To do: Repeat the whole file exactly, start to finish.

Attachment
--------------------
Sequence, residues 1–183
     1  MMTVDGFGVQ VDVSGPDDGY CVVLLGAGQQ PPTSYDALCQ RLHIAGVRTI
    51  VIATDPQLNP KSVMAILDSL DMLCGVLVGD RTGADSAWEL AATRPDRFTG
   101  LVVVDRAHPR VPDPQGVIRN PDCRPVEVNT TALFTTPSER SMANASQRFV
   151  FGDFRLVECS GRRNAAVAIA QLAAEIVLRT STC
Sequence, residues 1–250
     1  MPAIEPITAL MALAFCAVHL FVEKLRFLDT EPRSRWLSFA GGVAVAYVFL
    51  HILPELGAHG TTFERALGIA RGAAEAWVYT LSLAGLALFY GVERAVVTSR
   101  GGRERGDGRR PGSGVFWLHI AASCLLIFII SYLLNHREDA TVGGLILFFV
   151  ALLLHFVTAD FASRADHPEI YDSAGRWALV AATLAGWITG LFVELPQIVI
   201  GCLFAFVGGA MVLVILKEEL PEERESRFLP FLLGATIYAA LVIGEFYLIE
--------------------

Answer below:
Sequence, residues 1–183
     1  MMTVDGFGVQ VDVSGPDDGY CVVLLGAGQQ PPTSYDALCQ RLHIAGVRTI
    51  VIATDPQLNP KSVMAILDSL DMLCGVLVGD RTGADSAWEL AATRPDRFTG
   101  LVVVDRAHPR VPDPQGVIRN PDCRPVEVNT TALFTTPSER SMANASQRFV
   151  FGDFRLVECS GRRNAAVAIA QLAAEIVLRT STC
Sequence, residues 1–250
     1  MPAIEPITAL MALAFCAVHL FVEKLRFLDT EPRSRWLSFA GGVAVAYVFL
    51  HILPELGAHG TTFERALGIA RGAAEAWVYT LSLAGLALFY GVERAVVTSR
   101  GGRERGDGRR PGSGVFWLHI AASCLLIFII SYLLNHREDA TVGGLILFFV
   151  ALLLHFVTAD FASRADHPEI YDSAGRWALV AATLAGWITG LFVELPQIVI
   201  GCLFAFVGGA MVLVILKEEL PEERESRFLP FLLGATIYAA LVIGEFYLIE